The new international standards put forth by the FSB a few months ago are designed to address the securities financing transactions of nonbanks. Commonly known as “shadow banks,” these include money market funds, hedge funds, other asset managers, and similar entities that do not face the new, more stringent capital and liquidity requirements for internationally active banks established under Basel III.
The idea is that we can reduce both overall leverage and the procyclicality of the system by raising minimum haircuts. Will it work?
It might, but we are cautious for two reasons. The first is the fact that financial intermediaries often invent clever ways to borrow if that is what they really wish to do. This is true even of households: if someone strongly wishes to borrow to purchase stock, they can usually get a home equity loan, or (if they are truly desperate) a cash advance on their credit card.
Beyond that, unless the minimum haircuts in good times are set at the level that the market itself will impose during a crisis—that is, so high that a range of securities would simply not be eligible collateral—the system will remain procyclical. It is always important to keep in mind that, while regulations bind in good times, market discipline binds in bad times.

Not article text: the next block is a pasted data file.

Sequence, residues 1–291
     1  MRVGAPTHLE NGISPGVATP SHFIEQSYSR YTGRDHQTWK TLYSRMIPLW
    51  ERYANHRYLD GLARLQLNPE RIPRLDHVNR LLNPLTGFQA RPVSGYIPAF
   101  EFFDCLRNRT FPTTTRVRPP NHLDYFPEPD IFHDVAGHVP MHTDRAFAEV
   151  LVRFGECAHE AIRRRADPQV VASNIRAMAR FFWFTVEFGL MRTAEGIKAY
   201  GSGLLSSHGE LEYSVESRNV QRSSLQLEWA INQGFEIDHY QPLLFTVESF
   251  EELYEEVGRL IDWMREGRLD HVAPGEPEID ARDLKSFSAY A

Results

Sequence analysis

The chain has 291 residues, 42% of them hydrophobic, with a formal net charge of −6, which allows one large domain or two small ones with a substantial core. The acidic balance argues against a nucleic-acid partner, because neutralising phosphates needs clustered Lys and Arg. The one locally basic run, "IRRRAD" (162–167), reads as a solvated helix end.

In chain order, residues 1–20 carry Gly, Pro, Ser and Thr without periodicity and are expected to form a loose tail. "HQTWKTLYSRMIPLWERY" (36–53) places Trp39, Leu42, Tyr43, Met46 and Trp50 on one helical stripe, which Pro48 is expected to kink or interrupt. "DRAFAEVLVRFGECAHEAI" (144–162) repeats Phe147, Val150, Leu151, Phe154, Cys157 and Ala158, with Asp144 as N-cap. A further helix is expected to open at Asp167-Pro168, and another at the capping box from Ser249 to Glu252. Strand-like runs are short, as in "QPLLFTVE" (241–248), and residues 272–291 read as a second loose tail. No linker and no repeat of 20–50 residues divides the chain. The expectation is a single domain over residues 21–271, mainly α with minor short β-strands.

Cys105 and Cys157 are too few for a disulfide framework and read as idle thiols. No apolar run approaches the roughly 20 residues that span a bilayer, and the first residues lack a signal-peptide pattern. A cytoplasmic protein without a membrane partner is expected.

So, short of banning the use of even AAA-rated structure credit instruments or certain asset-backed securities as collateral for loans, we should continue to look for other solutions—in addition to higher margin requirements.
Another means to boost resilience is to force all repo and securities lending to be centrally cleared. Tri-party repo is a version of this today, with a clearing bank acting as the central counterparty. If central counterparties (CCPs) were converted into not-for-profit utilities with public backstops, margins could be set based on longer-term estimates of valuation risk than are commonly used today. That is, the CCP could set margin requirements and haircuts on a through-the-cycle basis, reducing the amplification that is naturally created by the dynamics of forced sales. Such a public utility CCP also would reduce counterparty risk, which contributed greatly to the spike of haircuts after the Lehman failure in 2008.
Of course, the CCP would itself be systemic, but since everyone knows this in advance, regulators can focus their attention where it is most needed. This is precisely the logic of the Financial Stability Oversight Council in designating eight CCPs as financial market utilities.